In a letter to the U.S. Senate Appropriations Committee, the Commercial Vehicle Safety Alliance urged Congress to fund a new commercial vehicle crash causation study to be conducted by the Federal Motor Carrier Safety Administration.
CVSA strongly supported the appropriation of funds for a new study in 2020 since the last one was conducted from 2001-2003. The requested funding would have to be included in the 2020 Transportation, Housing and Urban Development and related agencies appropriations bill.
With nearly 20 years between studies, the group said, changes to technology, drug usage and passenger and commercial vehicle safety features have “drastically altered” highway safety and, potentially, the root causes of commercial vehicle crashes. For this reason, the group is asking for a new study to reexamine commercial vehicle crash causes.
Such a study would be used to inform commercial vehicle safety enforcement programs and identify current trends and problem areas. That data could be used to craft enforcement and education initiatives to target specific safety problems.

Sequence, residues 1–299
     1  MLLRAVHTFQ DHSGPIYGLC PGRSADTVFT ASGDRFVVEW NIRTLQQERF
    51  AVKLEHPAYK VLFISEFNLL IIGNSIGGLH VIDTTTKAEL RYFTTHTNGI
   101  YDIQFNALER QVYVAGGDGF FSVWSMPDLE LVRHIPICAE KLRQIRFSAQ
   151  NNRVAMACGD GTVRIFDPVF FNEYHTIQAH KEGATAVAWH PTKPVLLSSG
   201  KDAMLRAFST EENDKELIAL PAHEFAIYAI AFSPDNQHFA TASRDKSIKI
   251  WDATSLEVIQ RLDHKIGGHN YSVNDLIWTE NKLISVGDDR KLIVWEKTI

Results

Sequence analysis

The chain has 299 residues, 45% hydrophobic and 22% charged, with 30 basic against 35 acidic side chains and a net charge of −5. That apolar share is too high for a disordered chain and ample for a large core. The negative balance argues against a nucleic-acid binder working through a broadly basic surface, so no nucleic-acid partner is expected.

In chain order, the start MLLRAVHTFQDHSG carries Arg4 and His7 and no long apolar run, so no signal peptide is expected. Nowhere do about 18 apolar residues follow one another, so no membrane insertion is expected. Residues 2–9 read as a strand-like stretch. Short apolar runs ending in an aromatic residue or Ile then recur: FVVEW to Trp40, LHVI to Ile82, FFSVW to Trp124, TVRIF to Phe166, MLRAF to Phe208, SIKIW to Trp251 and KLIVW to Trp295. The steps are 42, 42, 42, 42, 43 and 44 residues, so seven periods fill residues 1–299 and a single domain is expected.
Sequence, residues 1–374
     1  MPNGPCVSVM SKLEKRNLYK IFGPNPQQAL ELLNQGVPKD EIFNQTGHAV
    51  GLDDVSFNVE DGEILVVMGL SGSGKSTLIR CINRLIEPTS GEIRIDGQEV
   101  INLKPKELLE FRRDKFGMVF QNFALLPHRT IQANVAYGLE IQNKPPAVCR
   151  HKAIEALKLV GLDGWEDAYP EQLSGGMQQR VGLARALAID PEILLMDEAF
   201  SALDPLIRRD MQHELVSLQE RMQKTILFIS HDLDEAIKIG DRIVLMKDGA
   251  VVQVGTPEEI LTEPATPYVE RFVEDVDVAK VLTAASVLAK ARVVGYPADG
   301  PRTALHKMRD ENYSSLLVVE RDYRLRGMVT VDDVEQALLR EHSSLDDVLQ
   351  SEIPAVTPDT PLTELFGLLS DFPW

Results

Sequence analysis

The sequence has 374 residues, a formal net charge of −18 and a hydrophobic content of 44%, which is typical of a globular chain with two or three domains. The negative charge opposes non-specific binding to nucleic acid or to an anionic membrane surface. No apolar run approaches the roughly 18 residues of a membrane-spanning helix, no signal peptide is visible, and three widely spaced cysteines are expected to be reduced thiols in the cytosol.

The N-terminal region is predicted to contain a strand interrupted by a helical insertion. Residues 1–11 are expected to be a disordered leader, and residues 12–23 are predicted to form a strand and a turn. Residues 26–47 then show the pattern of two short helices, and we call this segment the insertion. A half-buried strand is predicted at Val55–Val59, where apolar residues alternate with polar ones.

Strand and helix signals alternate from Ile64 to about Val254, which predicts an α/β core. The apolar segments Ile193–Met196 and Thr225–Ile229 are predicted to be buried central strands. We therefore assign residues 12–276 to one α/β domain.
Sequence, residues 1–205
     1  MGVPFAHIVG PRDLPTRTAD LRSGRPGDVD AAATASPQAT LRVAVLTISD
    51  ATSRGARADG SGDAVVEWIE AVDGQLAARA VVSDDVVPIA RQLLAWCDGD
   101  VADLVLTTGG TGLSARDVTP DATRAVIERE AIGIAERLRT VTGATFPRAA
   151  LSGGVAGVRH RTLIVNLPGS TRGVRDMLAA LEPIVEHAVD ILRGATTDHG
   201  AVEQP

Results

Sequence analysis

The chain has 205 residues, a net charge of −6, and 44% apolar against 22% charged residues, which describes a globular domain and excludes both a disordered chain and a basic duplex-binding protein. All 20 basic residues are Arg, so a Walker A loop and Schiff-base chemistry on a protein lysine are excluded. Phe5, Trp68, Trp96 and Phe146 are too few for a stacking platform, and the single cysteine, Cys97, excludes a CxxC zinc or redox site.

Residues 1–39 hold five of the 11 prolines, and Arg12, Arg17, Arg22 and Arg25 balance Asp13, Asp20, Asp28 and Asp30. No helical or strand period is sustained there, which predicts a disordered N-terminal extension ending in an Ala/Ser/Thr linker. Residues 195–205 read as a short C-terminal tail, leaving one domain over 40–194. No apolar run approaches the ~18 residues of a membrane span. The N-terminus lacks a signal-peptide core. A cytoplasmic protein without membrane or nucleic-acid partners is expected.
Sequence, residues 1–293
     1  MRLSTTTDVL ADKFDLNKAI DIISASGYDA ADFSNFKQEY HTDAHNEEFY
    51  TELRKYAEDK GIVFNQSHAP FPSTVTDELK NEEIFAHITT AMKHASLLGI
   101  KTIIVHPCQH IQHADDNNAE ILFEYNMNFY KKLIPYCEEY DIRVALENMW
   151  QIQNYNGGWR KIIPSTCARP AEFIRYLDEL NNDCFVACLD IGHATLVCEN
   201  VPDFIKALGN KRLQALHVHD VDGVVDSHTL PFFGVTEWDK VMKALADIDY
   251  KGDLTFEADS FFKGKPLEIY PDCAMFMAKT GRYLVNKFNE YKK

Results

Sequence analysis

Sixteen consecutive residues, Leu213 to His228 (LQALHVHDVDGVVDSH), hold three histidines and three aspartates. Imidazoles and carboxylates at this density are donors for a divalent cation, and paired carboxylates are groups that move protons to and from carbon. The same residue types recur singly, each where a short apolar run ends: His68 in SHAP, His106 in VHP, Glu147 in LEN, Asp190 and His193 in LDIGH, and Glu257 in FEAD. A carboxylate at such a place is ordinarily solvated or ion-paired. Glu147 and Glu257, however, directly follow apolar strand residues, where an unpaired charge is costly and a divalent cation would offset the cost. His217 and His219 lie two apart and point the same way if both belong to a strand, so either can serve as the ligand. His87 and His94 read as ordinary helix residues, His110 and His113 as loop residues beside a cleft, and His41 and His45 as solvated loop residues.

“Understanding root causes of commercial motor vehicle crashes is crucial to the development of effective safety programs,” wrote CVSA Executive Director Collin Mooney on behalf of the organization. “A crash causation study identifying root factors contributing to crashes, not just the incident that caused the crash, is necessary to improve safety.”
The letter also stated that industry stakeholders such as CVSA would also be able to use the crash causation study to be better equipped to structure safety awareness, education and enforcement campaigns to target the causes of crashes.
“The alliance works to closely monitor, evaluate and identify potentially unsafe transportation processes and procedures as well as to help facilitate and implement best practices for enhancing safety on our highways,” wrote Mooney. “Commercial motor vehicle safety continues to be a challenge and we need the involvement of all affected parties to help us better understand these issues and put into place practical solutions.”
Originally posted on Trucking Info